The built environment accounts for nearly 50% of global emissions and 39% of energy-related emissions.
Embodied carbon accounts for the emissions from raw material supply, material transport, manufacturing, transport to the job site, and the construction and installation processes
A Whole Life Carbon perspective provides a more holistic view of a building's impacts and allows us to identify critical ‘hotspots’ for reducing its carbon impact
News articles, business transitions, climate activists, political agendas and the like have made us all aware that we live in a resource- and carbon-constrained world. Human activities since the industrial revolution have resulted in the accumulation of potent greenhouse gases (GHGs), primarily carbon dioxide, which absorb infrared radiation in the Earth’s atmosphere and thus trap heat. This ‘greenhouse gas effect’ is causing global warming, in turn triggering climate change, and is therefore something that requires immediate attention and global action.
The role of the built environment
The built environment in particular accounts for nearly 50% of global emissions and 39% of energy-related emissions. Whilst operational carbon (the carbon emissions arising from the use stage of a building) has come under the spotlight in sustainable buildings; the less discernible embodied carbon (carbon emissions from raw material supply, material transport, manufacturing, transport to the job site, and the construction and installation processes) has only just come under the industry’s focus.
Embodied carbon gets its name because it can be said that all of the emissions from the product and construction phase of the building are ‘locked in’ or become a part of the building - we cannot change/reduce these emissions once they have been released. The Paris Agreement warns that to avoid catastrophic and irreversible damage, we need to “limit global warming to well below 2, preferably to 1.5 degrees Celsius, compared to pre-industrial levels” by 2050. Therefore, with the accumulation of GHG emissions in the atmosphere and the short time in which to limit/reduce them, it can be said that the emissions released now (e.g. embodied emissions from new construction) are more crucial to reduce than emissions released later (e.g. operational emissions during building use).
The building lifecycle
It must be noted that the concepts embodied and operational carbon do not make up the entire picture. As discussed, carbon emissions from buildings are temporal (i.e. the extent and manner in which emissions are released depends on the stage of the building lifecycle), thus making it important to look at buildings from a whole life carbon (WLC) perspective. The building lifecycle is made up of four stages, all of which have carbon implications: Product [A1-A3], Construction [A4-A5], Use [B1-B7], and End-of-Life [C1-C4]. If one thinks critically about these lifecycle stages, they can see that some embodied carbon will still be incurred during the use and end-of-life stages, for example from building refurbishments or demolition. Therefore, whilst the emissions from the product and construction stages is broadly referred to as embodied carbon, it is more appropriate to refer to it as ‘upfront’ embodied carbon (the embodied carbon of the building prior to occupancy).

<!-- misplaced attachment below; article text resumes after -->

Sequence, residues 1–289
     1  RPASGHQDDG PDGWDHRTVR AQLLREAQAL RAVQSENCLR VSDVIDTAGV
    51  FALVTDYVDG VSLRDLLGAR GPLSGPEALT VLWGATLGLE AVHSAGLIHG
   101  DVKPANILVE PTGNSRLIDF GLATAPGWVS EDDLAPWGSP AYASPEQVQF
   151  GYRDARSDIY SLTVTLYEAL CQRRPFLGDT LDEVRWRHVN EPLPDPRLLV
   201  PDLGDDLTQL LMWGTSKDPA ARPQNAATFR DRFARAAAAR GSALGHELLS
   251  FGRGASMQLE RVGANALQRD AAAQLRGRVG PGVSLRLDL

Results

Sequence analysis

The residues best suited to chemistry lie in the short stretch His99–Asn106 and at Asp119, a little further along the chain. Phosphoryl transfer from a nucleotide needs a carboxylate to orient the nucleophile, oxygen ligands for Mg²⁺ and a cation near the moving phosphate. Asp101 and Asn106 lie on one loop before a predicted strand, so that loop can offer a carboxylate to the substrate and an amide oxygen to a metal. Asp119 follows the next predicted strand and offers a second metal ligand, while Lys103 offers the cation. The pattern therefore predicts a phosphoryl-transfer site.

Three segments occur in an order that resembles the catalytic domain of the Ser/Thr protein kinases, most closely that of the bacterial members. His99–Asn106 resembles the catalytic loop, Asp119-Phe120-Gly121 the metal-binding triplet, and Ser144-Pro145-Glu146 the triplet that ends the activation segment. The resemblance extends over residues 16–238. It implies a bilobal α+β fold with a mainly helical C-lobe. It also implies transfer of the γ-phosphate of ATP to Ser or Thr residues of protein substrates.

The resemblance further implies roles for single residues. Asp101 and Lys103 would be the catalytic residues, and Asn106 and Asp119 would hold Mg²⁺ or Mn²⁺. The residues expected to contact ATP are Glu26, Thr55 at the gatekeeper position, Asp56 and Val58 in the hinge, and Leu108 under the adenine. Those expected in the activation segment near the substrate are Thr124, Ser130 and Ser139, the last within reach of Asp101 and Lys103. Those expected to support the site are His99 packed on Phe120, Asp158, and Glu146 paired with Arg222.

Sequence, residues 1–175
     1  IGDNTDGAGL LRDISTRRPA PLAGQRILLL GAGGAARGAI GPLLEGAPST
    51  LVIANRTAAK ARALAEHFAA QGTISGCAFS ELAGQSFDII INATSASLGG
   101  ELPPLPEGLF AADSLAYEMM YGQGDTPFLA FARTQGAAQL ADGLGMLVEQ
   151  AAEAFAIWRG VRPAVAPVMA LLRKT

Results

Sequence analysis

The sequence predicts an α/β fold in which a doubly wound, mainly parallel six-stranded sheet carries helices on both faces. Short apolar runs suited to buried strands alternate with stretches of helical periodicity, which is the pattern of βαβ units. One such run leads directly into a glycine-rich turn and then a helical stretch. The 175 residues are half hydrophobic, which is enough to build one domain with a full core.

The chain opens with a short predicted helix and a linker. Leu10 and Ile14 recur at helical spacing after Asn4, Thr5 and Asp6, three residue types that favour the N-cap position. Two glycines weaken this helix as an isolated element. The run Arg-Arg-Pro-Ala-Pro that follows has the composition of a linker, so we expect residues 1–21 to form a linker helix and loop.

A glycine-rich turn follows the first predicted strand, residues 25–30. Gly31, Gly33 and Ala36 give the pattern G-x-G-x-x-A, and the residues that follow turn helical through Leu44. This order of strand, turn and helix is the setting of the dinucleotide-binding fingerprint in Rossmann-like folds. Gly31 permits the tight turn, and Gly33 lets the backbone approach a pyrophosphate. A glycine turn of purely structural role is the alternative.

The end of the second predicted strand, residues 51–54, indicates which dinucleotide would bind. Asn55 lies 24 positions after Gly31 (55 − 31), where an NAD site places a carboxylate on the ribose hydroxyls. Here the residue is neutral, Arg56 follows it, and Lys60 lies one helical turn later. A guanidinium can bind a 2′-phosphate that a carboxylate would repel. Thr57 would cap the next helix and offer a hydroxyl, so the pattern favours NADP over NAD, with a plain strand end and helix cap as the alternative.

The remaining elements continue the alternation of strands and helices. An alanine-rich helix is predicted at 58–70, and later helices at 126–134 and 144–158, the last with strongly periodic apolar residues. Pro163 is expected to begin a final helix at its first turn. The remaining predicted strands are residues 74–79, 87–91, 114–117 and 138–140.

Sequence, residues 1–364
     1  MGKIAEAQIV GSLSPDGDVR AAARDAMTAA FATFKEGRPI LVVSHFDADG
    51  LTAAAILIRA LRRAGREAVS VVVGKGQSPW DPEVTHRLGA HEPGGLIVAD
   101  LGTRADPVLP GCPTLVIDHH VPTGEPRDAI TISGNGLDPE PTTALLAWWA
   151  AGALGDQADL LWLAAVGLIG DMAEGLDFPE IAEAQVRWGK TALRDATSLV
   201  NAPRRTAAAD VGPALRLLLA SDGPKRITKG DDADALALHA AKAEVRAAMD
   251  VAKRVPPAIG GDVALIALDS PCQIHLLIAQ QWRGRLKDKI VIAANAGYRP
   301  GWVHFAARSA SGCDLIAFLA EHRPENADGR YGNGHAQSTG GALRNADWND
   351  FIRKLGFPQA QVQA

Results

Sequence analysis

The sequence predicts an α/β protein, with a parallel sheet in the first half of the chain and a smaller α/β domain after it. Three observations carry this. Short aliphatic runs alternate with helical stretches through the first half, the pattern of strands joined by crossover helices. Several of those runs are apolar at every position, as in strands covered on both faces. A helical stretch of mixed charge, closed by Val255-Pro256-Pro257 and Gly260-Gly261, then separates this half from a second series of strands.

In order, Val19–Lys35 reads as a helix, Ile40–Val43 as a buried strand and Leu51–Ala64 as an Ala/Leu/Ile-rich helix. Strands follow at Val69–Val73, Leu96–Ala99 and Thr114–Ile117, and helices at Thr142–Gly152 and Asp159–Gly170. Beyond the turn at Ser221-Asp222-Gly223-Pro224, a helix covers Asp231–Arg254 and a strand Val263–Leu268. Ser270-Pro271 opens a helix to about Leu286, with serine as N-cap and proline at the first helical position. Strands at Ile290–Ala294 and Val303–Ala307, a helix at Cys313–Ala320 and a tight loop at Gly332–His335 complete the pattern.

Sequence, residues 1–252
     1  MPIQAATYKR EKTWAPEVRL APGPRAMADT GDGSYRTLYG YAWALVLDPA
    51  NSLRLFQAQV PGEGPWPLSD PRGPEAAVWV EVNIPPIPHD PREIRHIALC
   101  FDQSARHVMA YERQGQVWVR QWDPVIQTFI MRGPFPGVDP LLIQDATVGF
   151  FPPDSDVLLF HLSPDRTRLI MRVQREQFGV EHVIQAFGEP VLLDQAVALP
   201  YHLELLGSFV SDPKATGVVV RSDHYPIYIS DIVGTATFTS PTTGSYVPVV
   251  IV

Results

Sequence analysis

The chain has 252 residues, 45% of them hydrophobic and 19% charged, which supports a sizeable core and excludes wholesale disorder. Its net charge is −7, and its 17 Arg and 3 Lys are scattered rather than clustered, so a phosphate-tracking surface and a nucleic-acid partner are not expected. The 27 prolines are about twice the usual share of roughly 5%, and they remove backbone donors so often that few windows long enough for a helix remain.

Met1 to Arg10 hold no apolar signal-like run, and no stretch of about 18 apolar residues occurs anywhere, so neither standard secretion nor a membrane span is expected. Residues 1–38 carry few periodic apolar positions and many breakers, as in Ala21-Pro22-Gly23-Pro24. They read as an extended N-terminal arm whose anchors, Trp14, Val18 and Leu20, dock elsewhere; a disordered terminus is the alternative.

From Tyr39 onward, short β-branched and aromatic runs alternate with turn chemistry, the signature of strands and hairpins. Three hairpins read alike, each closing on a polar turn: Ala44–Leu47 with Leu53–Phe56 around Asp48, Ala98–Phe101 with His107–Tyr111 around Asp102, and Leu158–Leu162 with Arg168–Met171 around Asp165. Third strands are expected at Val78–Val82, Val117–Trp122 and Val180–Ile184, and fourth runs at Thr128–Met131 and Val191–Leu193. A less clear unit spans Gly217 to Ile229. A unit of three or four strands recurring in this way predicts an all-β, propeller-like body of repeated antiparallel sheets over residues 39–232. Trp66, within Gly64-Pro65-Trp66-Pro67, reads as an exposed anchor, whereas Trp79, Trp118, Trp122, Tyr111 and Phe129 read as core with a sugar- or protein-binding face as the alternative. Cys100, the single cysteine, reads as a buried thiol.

Viewing carbon using a lifecycle approach gives us a more holistic view of the impact of a building and allows us to identify critical ‘hotspots’ for reducing its carbon impact. Instead of just focussing on operational carbon (as we currently are) or drastically changing gear to target upfront embodied carbon (as we most likely will), it is important to adopt a WLC thinking approach and realise that buildings will have a big impact now and continue to do so across their entire building lifecycle.
One example to present and strengthen the case for embodied carbon is to actually think of a real scenario. Assume, for instance, you want to upgrade your old windows with new ones which perform better - that is, they’ll reduce your energy bills. Most people would think of it as an investment/return problem: if I spend X to buy the new windows and save Y on energy every year by having them, when will Y outweigh X? We often term this as payback period - and the shorter it is, the more convinced we are about the installation of our new windows. A similar mindset is required for embodied and operational carbon, because one influences the other. So in the same case of our windows, we shouldn’t only be looking at the reduced energy bills (and subsequent reduced operational carbon) we’ll get as a result of the upgrade but also the embodied environmental costs that the new windows will incur. The only difference is that it isn’t a bank lending us the resources, but our planet. It’s essentially a loan against the future, so we’d better make sure its payback period is damn short!